Please drop by the Dharma Beginner page on Facebook to interact with thousands of other people who, like you, are interested in meditation, living mindfully, and spiritual development. And follow along on Twitter @dharmabeginner.

In Praise of The Huffington Post

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I have found that The Huffington Post is a tremendous source for informative articles and columns about meditation, mindfulness, and general healthy living. I don’t know why Arianna Huffington decided to make HuffPost a venue for reporting and commenting on those topics, but I am grateful that she has. And I believe it really is her, because she just chaired a conference on women and wellbeing in the workplace.

There is an entire section on Healthy Living. Not every article is right for me (see, for instance, “Are condoms good for vaginas?“), but most are incredibly interesting and relevant. The Religion section is equally compelling. There is a lot of overlap between the subsection of Buddhism stories and reporting on mindfulness and meditation. Here are some great recent pieces:

Come hang out with other folks interested in meditation and mindfulness at the Dharma Beginner page on Facebook, and follow us on Twitter @dharmabeginner.

Everyone feels stress, everyone suffers. Thank goodness for meditation!

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Everyone gets stressed out, even the “experts.”

How do you think they became so adept in the first place? They needed what meditation had to offer so much that they made a concerted effort to practice it. Meditation teachers are not superhuman, unless by superhuman you mean “even more subject to the frailties and flaws of being human.” They’ve been in the same place we all have, and they’ve survived in no small part because of their meditation practice.

So take heart: if they can do it, so can you. You have the very same ingredients in your being that they do, all the elements necessary to pursue a beneficial meditation practice and lead a mindful and compassionate life. Buddhists might say that we all have the same essential Buddha-nature inside us and, therefore, the same potential to achieve enlightenment.

All of us suffer and all of us desire to be free of suffering. That’s all that is necessary to begin meditating and for meditation to bear fruit.

Along those lines, here’s an article from Pooma Bell of Huffington Post titled, “What Does The Founder Of Meditation App ‘Headspace’ Do When He Gets Stressed Out?

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The impulse to label the things we feel and think threatens our ability to meditate in a manner that improves our wellbeing and supports our mindfulness practice. We feel sadness, fear, anger, and other emotions that discomfit us, and we call them “bad” emotions. We have thoughts that trouble us or spark attacks of anxiety, and we call them “bad” thoughts. The normal human flow of thoughts and emotions seems to get in the way of our meditation, making it difficult for us to get into a groove or a flow or to another place, however we characterize that satisfying feeling we crave when meditating.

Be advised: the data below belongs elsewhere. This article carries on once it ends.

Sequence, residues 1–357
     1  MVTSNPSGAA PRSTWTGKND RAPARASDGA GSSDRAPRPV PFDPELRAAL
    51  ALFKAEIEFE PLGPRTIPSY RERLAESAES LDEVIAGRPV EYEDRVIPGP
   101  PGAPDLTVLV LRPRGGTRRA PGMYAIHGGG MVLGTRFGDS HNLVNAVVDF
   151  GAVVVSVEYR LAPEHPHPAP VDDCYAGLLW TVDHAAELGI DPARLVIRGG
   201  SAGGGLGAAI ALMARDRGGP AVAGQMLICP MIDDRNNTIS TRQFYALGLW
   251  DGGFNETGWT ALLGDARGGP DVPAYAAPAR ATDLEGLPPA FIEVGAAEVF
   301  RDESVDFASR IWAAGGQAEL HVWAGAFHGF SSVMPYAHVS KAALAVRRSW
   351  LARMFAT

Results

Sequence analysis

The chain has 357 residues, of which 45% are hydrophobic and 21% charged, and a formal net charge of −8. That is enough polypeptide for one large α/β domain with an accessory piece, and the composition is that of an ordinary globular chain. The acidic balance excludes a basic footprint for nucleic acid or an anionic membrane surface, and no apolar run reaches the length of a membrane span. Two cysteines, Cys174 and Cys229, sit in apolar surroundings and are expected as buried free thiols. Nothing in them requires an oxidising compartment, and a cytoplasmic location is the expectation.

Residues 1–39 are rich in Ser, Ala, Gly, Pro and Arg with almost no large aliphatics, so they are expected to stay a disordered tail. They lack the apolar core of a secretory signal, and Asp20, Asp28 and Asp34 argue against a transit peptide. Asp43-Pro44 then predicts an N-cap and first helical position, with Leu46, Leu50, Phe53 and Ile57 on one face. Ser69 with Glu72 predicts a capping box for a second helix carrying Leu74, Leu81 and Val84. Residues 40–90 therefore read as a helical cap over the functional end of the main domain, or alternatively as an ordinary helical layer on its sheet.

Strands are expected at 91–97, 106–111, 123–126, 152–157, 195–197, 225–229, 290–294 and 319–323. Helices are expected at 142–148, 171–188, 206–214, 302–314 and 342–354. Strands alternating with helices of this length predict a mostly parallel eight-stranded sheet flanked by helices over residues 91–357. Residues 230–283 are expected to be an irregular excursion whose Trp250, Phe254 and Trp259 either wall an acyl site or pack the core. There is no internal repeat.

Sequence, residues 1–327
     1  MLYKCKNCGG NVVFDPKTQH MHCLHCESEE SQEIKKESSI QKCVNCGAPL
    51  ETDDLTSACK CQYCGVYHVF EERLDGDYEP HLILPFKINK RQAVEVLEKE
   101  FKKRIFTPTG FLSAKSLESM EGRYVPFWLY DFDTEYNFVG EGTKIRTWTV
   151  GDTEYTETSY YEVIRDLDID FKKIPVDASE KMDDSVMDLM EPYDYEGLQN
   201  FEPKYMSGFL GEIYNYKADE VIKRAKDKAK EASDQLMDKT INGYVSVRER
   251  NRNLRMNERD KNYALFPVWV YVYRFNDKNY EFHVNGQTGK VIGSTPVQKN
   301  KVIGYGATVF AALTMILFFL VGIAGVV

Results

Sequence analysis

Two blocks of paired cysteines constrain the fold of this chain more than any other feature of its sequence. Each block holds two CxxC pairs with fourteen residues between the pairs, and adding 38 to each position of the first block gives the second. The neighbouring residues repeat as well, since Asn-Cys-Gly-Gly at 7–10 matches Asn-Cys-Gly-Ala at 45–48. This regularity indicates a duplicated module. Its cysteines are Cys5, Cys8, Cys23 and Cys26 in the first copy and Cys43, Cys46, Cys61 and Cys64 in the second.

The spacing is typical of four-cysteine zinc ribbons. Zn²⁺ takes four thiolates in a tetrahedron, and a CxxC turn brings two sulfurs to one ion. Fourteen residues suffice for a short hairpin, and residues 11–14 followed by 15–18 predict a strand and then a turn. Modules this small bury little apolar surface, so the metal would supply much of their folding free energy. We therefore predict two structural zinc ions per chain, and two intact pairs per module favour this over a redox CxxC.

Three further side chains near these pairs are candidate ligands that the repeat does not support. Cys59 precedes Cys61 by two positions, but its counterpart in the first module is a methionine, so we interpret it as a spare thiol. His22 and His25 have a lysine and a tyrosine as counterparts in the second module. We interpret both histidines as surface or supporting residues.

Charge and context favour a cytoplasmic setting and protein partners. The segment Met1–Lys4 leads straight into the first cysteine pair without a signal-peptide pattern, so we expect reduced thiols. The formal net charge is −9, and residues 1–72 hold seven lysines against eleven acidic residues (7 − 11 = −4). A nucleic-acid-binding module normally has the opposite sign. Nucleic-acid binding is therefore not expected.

The solution, in my view, is not to find a way to block those thoughts and emotions. Frankly, for most of us, it’s probably not even possible to shut them down. So what can we do?

At the risk of being accused of trying to perpetrate some kind of reverse psychology mumbo jumbo, I think the answer is to not block them at all. Let them flow. Treat them with compassion and don’t label them as either bad or good thoughts or feelings. They’re just thoughts and feelings — inanimate objects — and are, therefore, incapable of being either. When we cease to label them in this manner, we can pay attention to what they mean, to what our brain is trying to say to us. Many times, they are just random, fleeting, and we can let them go as quickly as they came. Other times, we make a mental note to come back to them later after our meditation, and then we let them go. And occasionally, the thoughts or emotions are worth dwelling upon for a time because they feel urgent or particularly important.

The point is, being present with and open to those thoughts and feelings allows us to treat them with equanimity and get past them. Trying to block them is like placing a dam in a river — the pressure on the dam builds and builds until, finally, the waters (our thoughts and emotions) burst through and overwhelm everyone and everything in its path (us and our meditative practice). Better to employ a sluice that directs the waters but does not attempt to block them entirely.

Like a lot of dharma, on the surface it seems like an oxymoron, but it is truth: As long as we try to resist the thoughts and emotions that arise during our meditation, the more they will undermine us; but when we learn to accept our thoughts and emotions and to coexist with them, our meditation can rise above them.

For some more good thoughts on this subject, check out Joseph Mauricio’s post, “Living Meditation,” on ny.shambala.org. And come spend some time with us at the Dharma Beginner Facebook page or follow us on Twitter @dharmabeginner.